Crossing the Line

Áron Antal

Today I got an F in math. This was the final one I needed to have to repeat this year. I knew what this meant. I just don’t want to go home. They would never understand. They say that I have to go to college, because that is the only way for me to have a decent life. Well guess what. I screwed up again. Can’t they understand that I hate school? I want to find a job and have a decent life that way. I always struggled with education, why can’t they understand, why the insistence?

These thoughts and many like them were screaming in my mind, in the same way that the math teacher was screaming in my face. I didn’t care. I just stared blankly at the green board as the class laughed at me. I had got used to it by now.

When I arrived home, I heard them arguing. Great, just what I need. The fact that I just failed math surely will lighten the mood.

–Oh hi there you dumb…

–Hi Dad. How was your day?

–Oh just fine! Even better after I got a letter from the principal. Would you be so kind as to tell me what you were thinking? Can’t you concentrate? How could we raise you this stupid? Where did we go wrong, huh?

–I’m sorry, it’s not your fault.

–It sure isn’t. Get out of my sight.

I rarely talked back, as I was lectured with shouting when I did. But now I couldn’t hold it back.

–You know what? I don’t think you understand me at all!

–What did you say?

–You don’t understand me! You don’t know me! And you judge me without knowing!

–I know you all right; you are a dumb, ignorant, untalented piece of human garbage, that is what you are! I would be glad if you weren’t a failure!

–Okay then, we will see about that.

I slammed my door.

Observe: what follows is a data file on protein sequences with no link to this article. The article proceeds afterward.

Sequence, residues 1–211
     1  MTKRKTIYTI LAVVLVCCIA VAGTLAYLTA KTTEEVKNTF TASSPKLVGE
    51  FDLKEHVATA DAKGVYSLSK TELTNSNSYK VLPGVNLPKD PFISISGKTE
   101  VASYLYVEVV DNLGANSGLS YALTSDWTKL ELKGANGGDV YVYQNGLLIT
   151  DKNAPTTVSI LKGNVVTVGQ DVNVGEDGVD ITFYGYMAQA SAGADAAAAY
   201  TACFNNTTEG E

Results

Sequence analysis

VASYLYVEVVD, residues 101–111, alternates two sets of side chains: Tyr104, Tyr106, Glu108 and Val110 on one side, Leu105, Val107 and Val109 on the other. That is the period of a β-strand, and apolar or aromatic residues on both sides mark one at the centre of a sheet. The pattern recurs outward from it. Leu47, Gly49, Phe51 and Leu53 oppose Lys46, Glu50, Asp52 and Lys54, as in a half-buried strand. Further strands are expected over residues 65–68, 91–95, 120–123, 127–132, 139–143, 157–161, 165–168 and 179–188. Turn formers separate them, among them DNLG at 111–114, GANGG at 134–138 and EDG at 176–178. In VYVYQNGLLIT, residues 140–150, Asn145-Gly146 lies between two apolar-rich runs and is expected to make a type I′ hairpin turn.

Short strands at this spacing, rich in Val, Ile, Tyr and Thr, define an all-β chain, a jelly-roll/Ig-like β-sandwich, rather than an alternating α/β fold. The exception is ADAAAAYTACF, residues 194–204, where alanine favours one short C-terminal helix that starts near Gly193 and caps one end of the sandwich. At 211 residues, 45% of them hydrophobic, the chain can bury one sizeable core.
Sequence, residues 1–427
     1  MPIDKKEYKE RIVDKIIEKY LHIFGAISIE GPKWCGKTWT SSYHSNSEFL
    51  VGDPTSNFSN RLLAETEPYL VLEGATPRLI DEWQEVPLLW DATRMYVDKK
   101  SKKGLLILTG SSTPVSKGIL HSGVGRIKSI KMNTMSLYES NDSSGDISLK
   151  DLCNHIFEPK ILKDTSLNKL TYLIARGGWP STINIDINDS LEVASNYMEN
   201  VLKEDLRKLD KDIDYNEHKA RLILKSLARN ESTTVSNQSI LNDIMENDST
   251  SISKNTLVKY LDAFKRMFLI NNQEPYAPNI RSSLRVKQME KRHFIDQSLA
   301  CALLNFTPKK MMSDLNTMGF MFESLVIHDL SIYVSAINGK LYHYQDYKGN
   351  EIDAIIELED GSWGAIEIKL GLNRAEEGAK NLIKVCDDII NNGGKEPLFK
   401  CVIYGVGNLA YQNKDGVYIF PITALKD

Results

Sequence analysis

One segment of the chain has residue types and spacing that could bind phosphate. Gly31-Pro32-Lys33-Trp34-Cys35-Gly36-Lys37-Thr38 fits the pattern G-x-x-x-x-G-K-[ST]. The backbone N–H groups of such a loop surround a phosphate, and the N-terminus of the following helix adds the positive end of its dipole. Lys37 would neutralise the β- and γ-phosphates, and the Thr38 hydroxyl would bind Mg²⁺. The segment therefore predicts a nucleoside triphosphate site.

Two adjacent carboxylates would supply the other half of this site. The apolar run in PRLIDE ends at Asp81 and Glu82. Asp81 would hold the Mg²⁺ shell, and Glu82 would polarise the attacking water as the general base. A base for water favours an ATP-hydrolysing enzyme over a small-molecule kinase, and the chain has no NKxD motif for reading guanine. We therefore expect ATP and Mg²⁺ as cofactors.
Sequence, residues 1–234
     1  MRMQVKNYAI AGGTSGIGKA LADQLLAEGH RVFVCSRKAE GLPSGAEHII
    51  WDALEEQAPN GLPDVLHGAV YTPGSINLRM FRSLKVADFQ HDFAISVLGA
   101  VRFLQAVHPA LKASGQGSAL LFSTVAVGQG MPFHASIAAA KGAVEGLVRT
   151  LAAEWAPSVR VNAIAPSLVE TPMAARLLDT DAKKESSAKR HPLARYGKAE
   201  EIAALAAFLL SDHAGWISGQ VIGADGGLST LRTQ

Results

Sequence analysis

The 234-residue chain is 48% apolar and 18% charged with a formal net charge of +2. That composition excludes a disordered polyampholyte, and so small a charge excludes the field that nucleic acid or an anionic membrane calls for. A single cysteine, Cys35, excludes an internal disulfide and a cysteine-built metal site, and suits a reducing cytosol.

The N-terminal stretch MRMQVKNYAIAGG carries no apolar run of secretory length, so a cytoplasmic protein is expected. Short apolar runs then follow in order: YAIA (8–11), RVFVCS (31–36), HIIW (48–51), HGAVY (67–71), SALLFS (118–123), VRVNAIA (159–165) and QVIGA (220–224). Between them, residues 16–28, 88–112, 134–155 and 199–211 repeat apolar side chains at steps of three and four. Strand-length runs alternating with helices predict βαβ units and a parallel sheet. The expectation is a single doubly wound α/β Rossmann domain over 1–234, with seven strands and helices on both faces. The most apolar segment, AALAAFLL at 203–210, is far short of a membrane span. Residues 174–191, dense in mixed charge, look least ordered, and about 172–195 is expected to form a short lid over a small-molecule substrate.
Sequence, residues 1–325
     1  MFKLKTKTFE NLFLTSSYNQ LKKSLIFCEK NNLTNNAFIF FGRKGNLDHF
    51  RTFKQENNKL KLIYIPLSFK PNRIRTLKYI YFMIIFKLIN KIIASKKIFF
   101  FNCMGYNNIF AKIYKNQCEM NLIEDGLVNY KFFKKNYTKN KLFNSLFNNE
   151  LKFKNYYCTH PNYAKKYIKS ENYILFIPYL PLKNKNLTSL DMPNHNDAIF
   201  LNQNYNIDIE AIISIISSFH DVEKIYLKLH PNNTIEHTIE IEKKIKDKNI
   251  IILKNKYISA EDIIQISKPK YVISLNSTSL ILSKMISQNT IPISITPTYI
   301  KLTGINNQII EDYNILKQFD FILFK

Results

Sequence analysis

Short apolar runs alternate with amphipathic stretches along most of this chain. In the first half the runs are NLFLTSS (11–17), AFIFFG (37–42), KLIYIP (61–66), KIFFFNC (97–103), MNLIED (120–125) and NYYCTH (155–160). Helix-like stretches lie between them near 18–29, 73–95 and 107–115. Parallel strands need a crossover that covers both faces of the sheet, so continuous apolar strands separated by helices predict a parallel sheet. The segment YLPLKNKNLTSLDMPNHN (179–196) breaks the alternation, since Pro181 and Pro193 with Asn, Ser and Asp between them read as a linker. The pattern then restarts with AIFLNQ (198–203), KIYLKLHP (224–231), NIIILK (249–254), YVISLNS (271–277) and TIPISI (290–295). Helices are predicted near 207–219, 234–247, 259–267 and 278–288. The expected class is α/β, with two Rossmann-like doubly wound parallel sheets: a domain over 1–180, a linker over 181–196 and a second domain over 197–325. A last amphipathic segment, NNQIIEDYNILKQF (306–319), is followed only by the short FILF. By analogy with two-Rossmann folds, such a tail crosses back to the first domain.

At night I couldn’t sleep. I was thinking: how could I endure this torture, day by day? What really keeps me here? If I really wanted to, I could pursue my dreams. I am an adult now. Why should they tell me what to do? I don’t need them, and I don’t need anyone. I won’t be a failure any longer, I will stand up, even if it means I must leave everything behind.

It was 2 a.m. I started packing up. Put my better clothes in a duffle bag, shoved my laptop on top, and put all the money I had in one of its side pockets. I earned it when I worked at my friend’s dad’s place for the summer. They lived about six hundred kilometers away. They were my destination. I know they will take me in until I can sort things out. Daniel works with his dad at their farm. I hope they have a job.

It took me fifteen minutes to pack up. I went to the kitchen where my dad had his old Chevy’s key on the counter. I grabbed it, then I climbed out of my room’s window.

Technically the Chevy was mine, it was in my name, I paid the insurance, but he drove it, and didn’t let me behind the steering wheel since I got my license. I bought it, but he didn’t have a car, so you can guess the rest of the story.

The night was dark, cold and quiet. I could only hear some dogs barking and an ambulance siren in the distance.

The old Chevy hesitantly came to life, its headlights sparkling in the dark. The sound of its engine tore the silent fabric of the night as I slammed down the gas pedal and rode off into uncertainty. Except one thing was certain. Anything is better than this life.

I should have made this decision much sooner.